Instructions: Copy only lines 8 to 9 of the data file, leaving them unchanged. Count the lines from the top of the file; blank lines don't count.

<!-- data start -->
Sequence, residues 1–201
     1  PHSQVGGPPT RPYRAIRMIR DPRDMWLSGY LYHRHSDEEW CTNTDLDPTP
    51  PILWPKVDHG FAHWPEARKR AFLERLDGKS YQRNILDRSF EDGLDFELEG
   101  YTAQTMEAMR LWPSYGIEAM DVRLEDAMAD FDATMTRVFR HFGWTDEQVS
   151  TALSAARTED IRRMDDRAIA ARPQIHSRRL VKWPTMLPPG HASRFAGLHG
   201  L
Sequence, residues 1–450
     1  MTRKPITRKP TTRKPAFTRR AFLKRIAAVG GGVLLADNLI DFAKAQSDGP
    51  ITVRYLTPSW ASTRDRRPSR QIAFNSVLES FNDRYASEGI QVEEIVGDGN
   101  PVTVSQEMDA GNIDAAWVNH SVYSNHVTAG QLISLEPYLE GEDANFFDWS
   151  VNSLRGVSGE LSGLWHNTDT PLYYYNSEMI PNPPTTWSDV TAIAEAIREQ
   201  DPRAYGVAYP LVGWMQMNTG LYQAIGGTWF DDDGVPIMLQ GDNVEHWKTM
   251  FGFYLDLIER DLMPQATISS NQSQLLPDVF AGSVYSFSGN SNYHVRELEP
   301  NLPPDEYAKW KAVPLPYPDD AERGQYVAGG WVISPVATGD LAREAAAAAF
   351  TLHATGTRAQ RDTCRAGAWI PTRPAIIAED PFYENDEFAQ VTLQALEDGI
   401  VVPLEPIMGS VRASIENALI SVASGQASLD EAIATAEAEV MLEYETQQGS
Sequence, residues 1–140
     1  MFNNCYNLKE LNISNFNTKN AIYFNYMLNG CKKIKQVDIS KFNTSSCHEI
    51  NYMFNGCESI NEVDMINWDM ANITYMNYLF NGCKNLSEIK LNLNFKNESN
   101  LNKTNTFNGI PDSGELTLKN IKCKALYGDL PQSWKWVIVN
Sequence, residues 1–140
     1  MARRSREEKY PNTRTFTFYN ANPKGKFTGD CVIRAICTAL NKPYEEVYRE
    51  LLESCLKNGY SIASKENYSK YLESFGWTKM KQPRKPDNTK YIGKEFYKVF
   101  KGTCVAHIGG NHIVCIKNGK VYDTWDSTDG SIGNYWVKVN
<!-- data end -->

     1  MTRKPITRKP TTRKPAFTRR AFLKRIAAVG GGVLLADNLI DFAKAQSDGP
    51  ITVRYLTPSW ASTRDRRPSR QIAFNSVLES FNDRYASEGI QVEEIVGDGN